RURAL AND REMOTE COMMUNITIES NEED DOCTORS
For those who read my blog, or who have been my student, you know that I am a big proponent of healthcare for rural and remote communities in the United States as well as elsewhere. Having lived and worked in rural and remote communities for the bulk of my career, I know the challenges and opportunities in providing care to those who live and work there.
Doctors are in high demand in rural communities, and I have written a whole blog about that which you may want to read. This is true in the United States, as well as abroad, including Australia, New Zealand, and more. In fact, I have a great post on why you should practice medicine in Australia that I would encourage you to read.
It can be easier to land your ideal position in a community in a rural area than in an urban area where competition for patients is fierce. As such, I frequently encourage students to consider working in these communities for a variety of reasons.
MANY SPONSOR J1 VISAS
For foreign medical graduates remaining in the United States following their residency training is a dream that requires a J1 visa. But not all jobs can sponsor such, particularly if the job is a large urban area where there is no doctor shortage. In contrast, many rural communities, because they are located in Federally designated healthcare shortage areas, can sponsor the appropriate visa for physicians and their families which can lead to a green card and even citizenship.
Rural communities often have loan repayment options, including government and local programs, to help physician repay their qualifying school loans. Read my recent post about loan repayment to learn more.
BIG FISH, LITTLE POND
I remember years ago my sister, who is a medical academic, asked me if I would rather be a little fish in a big pond, or a big fish in a little pond? When I reflected on this, I decided it was better to be an important member of the community, even if that meant the community I was part of was small.
I don’t know many docs that have gone to NYC or Chicago that ended up serving as the personal physician to the president of a Pacific island nation? But guess what I did? I think you get the point.
In all my travels, I have found that there is a sense of community involvement and connectedness in smaller communities that is lacking in the big city.
I like being called “doc” in the grocery store while the clerk brings out a fresh carton of just arrived peaches for me to choose from because I had reassured him that the fever his son had was nothing to be concerned about last week.
I like getting a dozen freshly baked pastries delivered to my front door by the local baker because I sewed up a laceration in his hand the previous evening after hours.
Or always, and I mean pretty much always, I like being upgraded to business class on my Pacific island journeys because the purser knows me from the small community I serve, and I had helped him out on a flight one night over the Pacific in a typhoon when a woman lost consciousness and the big city docs who were on vacation refuse to help for fears of being sued.
FULL SPECTRUM CARE
Most docs who work in big cities will have learned things in residency that they will never use again. Take family medicine as an example. Family medicine graduates will deliver babies in their residency years; but few will do so in practice. That’s not the case in small towns where the only provider of obstetrics may be the family doctor.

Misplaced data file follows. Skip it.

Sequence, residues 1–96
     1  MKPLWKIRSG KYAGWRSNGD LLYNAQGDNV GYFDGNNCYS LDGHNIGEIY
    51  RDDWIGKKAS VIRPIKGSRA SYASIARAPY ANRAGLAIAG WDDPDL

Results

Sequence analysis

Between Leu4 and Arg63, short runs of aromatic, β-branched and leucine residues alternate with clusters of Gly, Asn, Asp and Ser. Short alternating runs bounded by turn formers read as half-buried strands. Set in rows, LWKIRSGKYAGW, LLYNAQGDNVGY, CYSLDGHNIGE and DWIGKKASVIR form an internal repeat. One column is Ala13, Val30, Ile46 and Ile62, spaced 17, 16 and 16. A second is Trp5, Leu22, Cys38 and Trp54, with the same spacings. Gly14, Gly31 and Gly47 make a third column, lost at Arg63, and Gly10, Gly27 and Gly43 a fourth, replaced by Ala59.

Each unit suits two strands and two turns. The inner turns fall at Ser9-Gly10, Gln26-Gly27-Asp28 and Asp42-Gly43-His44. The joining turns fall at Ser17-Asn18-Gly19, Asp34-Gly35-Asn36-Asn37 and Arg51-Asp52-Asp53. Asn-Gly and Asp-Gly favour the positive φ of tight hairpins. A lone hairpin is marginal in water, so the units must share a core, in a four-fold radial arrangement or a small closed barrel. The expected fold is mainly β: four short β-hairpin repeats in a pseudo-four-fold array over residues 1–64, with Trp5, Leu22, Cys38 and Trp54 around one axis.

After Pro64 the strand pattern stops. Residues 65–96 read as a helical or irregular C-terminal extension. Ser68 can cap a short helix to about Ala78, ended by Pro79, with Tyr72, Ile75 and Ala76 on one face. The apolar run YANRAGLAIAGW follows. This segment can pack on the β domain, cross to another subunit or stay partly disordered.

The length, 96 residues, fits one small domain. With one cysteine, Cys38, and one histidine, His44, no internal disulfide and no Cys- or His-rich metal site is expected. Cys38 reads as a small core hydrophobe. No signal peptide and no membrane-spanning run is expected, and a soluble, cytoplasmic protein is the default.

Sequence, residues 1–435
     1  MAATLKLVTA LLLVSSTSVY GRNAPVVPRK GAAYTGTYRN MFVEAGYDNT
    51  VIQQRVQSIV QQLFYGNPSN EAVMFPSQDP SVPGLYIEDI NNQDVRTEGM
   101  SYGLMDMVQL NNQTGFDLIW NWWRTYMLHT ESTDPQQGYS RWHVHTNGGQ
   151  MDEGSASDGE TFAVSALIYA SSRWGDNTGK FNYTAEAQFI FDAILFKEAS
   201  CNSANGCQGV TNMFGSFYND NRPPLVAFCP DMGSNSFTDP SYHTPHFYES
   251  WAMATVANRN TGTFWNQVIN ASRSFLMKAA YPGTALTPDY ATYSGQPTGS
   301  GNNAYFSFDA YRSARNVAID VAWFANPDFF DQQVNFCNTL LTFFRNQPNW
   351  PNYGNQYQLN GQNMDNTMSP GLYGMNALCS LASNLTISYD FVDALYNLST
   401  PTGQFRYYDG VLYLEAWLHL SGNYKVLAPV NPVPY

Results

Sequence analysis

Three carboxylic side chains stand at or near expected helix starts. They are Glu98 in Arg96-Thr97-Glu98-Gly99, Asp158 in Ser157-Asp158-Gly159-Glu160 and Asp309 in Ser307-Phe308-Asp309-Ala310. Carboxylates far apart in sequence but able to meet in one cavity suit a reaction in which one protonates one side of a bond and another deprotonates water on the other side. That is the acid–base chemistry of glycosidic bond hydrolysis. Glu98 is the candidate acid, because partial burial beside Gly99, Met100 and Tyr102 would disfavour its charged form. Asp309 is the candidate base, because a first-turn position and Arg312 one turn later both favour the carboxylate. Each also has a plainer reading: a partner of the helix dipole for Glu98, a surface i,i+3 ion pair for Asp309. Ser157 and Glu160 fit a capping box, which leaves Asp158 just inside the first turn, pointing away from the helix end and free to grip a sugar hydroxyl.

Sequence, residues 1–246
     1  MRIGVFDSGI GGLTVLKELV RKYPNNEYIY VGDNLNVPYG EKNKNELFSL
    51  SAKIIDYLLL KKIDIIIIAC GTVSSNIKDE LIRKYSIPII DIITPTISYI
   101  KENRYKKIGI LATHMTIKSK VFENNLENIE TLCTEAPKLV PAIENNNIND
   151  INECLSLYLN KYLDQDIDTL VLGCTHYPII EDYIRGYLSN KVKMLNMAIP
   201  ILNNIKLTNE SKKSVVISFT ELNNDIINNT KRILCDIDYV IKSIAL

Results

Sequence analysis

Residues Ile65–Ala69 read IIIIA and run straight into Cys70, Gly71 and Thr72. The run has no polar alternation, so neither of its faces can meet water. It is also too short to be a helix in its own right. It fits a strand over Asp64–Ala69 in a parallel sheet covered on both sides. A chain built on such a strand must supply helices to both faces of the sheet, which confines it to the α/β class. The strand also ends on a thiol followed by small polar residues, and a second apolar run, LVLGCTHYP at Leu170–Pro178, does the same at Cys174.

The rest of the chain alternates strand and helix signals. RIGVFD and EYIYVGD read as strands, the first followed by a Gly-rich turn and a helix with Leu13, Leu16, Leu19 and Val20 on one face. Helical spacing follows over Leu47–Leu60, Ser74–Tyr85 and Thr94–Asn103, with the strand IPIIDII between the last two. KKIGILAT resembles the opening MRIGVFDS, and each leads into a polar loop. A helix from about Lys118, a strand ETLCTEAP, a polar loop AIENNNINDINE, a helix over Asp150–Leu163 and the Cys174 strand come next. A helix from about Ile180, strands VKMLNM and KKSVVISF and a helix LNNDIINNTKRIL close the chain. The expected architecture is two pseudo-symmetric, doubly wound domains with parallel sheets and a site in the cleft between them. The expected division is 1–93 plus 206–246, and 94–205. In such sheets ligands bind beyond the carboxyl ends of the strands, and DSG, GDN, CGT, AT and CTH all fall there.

So, if you love everything about medicine, and want to do a little bit of everything, then a rural community could be right for you. For that matter, family medicine is probably right for you. Read more about a career in family medicine from one of my older blog posts. It really is a great career, and the perfect match for smaller towns.
FINDING RURAL DOC JOBS
But, you may be asking, where do I find doc jobs in small towns and rural communities? Fortunately, there is a nonprofit organization serving the physician recruitment needs of rural American which maintains a database of these jobs.
The National Rural Recruitment and Retention Network, better known as 3RNet, is a centralized database of rural physician and allied health positions.
It is free to register, and will give you access to the database. It will also give you access to the medical recruiters in each of the fifty states plus the territories who have links to more jobs as well as the ability to help you access loan forgiveness for working in smaller towns. All of these services are free. Recruiters, whether private or working for the state, will never charge candidates a fee for their services.
LIVE YOUR DREAM OF BECOMING A PHYSICIAN
As the second oldest private medical university in the Caribbean Basin we know what it takes to succeed.
Whether you want to practice internal medicine, family medicine, general surgery, or any of the multiple specialties that make a difference in the lives of patients every day, UHSA can help you live your dream!
If you are a high school graduate, or a university graduate who lacks the premedical pre-requisite courses, why not join our premedical program? It will give you all the credits you need to be promoted to our world-class MD program.
If you are a university graduate who has the premedical pre-requisites, then look at direct entry into our MD program, where you will learn to be not only a physician, but a healthcare leader.
We also offer a joint MD/MPH program. Our joint MD/MPH program is great for those who want to enhance their credentials when applying for residency, want to enter a primary care residency program that values prevention, want to undertake training in preventative medicine, or who want a career in global public health.
Contact our admissions team to learn more about living your dream!